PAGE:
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News at Brighter Green

Executive Director Mia MacDonald Quoted in Civil Eats Article 1/26/15

Executive Director Mia MacDonald was quoted in Advisory Board member Anna Lappe's article on Chatham House's recent study on peoples' understanding of climate change and food, particularly meat production. You can view the Civil Eats article here.

New Report Released by Brighter Green and the Global Forest Coalition on the Unsustainable Impacts of Livestock and Soybean Production in Paraguay 1/22/15

Brighter Green and the Global Forest Coalition, published a new report entitled, "Meat from a Landscape Under Threat: Testimonies of the Impacts of Unsustainable Livestock and Soybean Production in Paraguay". You can access the report here.

Brighter Green Featured in NYC Meatless Monday Press Release 1/22/15

Brighter Green and Executive Director Mia MacDonald were featured in NYC City Council Representative Helen Rosenthal's press release on the push for NYC to adopt the Meatless Monday campaign.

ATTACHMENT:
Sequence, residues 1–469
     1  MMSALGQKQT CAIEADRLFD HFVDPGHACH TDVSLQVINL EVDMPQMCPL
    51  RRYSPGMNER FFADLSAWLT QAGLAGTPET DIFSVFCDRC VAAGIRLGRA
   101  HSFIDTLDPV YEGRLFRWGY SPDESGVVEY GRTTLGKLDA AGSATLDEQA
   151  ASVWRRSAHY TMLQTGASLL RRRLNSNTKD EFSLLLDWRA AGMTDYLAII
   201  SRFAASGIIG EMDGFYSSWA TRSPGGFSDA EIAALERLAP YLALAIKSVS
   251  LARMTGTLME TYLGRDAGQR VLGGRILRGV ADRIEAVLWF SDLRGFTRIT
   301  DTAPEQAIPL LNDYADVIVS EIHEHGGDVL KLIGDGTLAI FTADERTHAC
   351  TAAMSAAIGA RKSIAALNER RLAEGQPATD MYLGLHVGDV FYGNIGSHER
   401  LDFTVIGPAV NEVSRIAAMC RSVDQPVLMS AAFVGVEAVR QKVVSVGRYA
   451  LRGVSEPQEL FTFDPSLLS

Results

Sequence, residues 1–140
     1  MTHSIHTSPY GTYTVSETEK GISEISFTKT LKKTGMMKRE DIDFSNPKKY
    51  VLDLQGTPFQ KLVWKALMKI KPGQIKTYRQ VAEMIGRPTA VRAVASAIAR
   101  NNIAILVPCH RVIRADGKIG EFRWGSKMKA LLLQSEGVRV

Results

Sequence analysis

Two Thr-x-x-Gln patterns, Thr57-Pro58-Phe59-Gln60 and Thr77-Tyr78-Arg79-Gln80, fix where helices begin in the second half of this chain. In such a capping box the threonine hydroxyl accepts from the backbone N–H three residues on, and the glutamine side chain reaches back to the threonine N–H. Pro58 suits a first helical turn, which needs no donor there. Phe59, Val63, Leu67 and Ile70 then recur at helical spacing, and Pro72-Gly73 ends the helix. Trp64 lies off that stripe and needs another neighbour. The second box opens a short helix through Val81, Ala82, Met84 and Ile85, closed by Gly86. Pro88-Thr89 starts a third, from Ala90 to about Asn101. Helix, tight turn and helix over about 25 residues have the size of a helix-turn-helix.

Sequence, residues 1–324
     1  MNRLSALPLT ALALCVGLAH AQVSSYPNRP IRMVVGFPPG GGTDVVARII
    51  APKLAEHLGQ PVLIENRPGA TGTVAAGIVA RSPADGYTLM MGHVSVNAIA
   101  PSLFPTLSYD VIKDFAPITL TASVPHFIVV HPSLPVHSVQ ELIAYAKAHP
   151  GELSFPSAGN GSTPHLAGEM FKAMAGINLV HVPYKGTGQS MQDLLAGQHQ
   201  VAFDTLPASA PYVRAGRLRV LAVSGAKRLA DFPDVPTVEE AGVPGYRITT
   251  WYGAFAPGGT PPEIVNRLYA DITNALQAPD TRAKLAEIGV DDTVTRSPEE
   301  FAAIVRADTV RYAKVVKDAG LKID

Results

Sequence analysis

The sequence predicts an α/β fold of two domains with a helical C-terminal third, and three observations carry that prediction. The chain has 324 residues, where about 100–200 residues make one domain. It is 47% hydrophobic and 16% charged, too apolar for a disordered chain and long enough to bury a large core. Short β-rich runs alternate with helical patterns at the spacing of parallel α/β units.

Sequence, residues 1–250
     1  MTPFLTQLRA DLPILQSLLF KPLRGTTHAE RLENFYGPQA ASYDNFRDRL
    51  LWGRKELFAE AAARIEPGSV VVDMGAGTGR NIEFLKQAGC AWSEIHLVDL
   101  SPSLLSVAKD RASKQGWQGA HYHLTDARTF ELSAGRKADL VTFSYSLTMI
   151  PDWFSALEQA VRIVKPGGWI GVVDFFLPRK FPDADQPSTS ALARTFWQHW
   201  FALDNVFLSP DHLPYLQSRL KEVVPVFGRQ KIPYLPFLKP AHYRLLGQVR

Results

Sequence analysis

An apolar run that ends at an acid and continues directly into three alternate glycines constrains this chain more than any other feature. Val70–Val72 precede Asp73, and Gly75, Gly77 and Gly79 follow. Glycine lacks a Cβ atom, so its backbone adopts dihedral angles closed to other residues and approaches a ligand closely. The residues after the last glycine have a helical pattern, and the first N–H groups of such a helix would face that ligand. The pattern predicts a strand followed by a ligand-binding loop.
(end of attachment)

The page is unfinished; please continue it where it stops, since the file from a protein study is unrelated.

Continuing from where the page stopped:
Executive Director Mia MacDonald Appears on Our Hen House's Highlight Reel Podcast Episode 1/10/15

Brighter Green Executive Director Mia MacDonald appears on Our Hen House's highlight reel episode on January 10th. The original TV episode can be viewed here.

East African Girls' Leadership Initiative Program Update 1/10/15

Brighter Green and Tribal Link released a January Program Update on the East African Girls' Leadership Initiative. You can access it here.

Brighter Green and Humane Society International Publish COP 20 Policy Recommendations 12/4/14

Brighter Green and Humane Society International published a policy recommendation document on animal agriculture and climate change for the COP 20 meeting in Lima, Peru. You can access the document here.

Brighter Green Releases Summary on Forthcoming Nature's Rights Paper 10/14/14

Brighter Green released a summary of a forthcoming nature's rights paper entitled Nature's Rights: Rivers, Trees, Whales, and Apes.

Jim Harkness Positively Reviews "What's For Dinner?" 10/6/14

Jim Harkness Senior Advisor on China at the Institute for Agriculture and Trade Policy positively reviews "What's For Dinner?" and interviews Executive Director Mia MacDonald.